Bob Oley, PE, MSPH
Lyme and Tick-Borne Disease Prevention Expert
Public Health and Site Consultant

Lyme Disease, Ticks, and Gardeners

After all those hours of hard work, it is that time of year again when you are enjoying your garden and truly appreciating what you have created. Not to be enjoyed however, is the hidden threat awaiting you in your garden – none other than that seemingly harmless deer tick. Not only do the bites of deer ticks put you at risk for Lyme disease, but also other potentially debilitating diseases including babesiosis, anaplasmosis, bartonella, tularemia, and deer tick virus.


Ticks are parasites which survive by feeding on the blood of a variety of hosts including people. The peak of the deer tick’s activity begins in May and continues throughout the summer. It is during this time that the very tiny nymphal deer tick (about the size of a poppy seed) is most likely to crawl onto you, bite you, and infect you with Lyme disease and/or other diseases.


Deer ticks seek hosts by a behavior called “questing.” They do not jump or fly. Questing ticks crawl up the stems of grass or small bushes, or perch on the edges of leaf litter with their front legs extended. They also wait for you on fallen logs, stone walls or in vegetation along grass/woodland edges. When your body or clothing comes in contact with the extended legs of the tick, they grab onto you in a split second, and search for a suitable place on your body to attach and take their blood meal. Nymphal deer ticks will remain attached for a few days until they become fully engorged with your blood and then drop off. Because they inject a pain killer in you when feeding, most often you will never know they were there.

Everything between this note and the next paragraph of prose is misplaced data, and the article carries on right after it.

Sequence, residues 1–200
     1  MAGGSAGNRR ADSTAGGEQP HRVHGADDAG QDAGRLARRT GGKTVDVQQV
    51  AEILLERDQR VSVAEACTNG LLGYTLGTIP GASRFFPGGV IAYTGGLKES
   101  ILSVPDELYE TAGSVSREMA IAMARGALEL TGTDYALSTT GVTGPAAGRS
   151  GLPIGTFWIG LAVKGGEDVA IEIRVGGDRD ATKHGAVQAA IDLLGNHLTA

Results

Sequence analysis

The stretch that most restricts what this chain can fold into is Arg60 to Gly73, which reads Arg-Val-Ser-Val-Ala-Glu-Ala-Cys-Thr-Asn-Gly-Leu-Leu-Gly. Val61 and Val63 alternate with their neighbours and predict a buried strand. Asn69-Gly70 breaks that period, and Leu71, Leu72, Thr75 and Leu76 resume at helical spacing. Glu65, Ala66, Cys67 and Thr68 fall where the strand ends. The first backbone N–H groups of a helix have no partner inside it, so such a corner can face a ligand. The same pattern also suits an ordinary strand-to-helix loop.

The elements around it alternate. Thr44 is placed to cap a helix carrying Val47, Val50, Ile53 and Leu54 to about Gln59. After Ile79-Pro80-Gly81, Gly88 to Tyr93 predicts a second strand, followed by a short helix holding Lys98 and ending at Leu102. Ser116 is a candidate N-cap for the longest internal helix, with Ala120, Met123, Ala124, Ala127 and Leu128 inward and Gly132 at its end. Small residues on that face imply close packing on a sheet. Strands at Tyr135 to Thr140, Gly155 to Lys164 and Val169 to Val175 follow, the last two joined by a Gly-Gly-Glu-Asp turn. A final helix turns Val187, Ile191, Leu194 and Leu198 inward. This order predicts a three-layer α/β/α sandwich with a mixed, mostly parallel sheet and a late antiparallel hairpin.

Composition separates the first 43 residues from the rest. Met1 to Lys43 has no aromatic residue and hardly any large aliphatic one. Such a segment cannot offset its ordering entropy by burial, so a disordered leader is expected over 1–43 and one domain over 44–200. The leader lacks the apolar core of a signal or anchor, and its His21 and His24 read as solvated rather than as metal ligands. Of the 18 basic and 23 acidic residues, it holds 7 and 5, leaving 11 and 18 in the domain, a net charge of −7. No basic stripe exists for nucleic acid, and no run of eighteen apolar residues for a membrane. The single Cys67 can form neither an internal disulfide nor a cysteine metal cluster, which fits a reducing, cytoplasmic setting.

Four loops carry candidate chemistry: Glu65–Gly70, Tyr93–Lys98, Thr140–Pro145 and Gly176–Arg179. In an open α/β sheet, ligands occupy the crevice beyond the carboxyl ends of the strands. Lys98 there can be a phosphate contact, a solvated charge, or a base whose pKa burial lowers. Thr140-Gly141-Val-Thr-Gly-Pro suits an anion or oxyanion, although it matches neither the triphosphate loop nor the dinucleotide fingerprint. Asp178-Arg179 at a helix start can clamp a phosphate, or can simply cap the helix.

Removing ticks promptly can help prevent the transmission of Lyme disease and other tick-borne diseases. And that is why regular tick checks, both after gardening activities and at the end of the day, are so vital to your continued good health.


If you discover a tick attached to you, you should remove the tick using pointed tweezers to grab the tick as close to the skin as possible. You should pull the tick straight out, taking care not to twist or squish it. Finally, you should wash the bite site and apply an antiseptic. If at all possible, you should save the tick in a zip lock bag so that it can be sent to a tick testing lab for identification and a determination as to whether it is infected with any disease organisms. You should also seek the advice of your health care provider regarding timely prophylactic treatment.


If you are going to be gardening, it is strongly advised that you take personal protection measures by wearing clothing treated with the synthetic chemical permethrin, which repels and kills ticks. Permethrin has been approved by the EPA as safe for use on clothing apparel. With permethrin spray you can treat your own footwear and clothing (good for 5 washings), or purchase pre-treated clothing (good for 70 washings) with the proprietary Insect Shield label from suppliers such as: REI, LLBean, ExOfficio, Orvis, etc. Wearing an EPA-approved insect repellent on exposed skin parts will also provide added protection, but by itself does not work nearly as effectively as tick repellent clothing.


When managing your property to make it as tick safe as possible, you need to concentrate on those portions of your property that are most frequently used by you, such as lawns, gardens, play areas, eating areas, walkways, etc. Within these areas, keeping the grass mowed short, reducing leaf litter, eliminating ground cover such as pachysandra, using hardscape and xeriscape landscaping practices, keeping trees and shrubs trimmed, providing gravel pathways, using wood chips and mulch in flower beds, using plantings that do not attract deer, installing deer fencing, etc. will all contribute towards reducing the number of deer ticks on your property.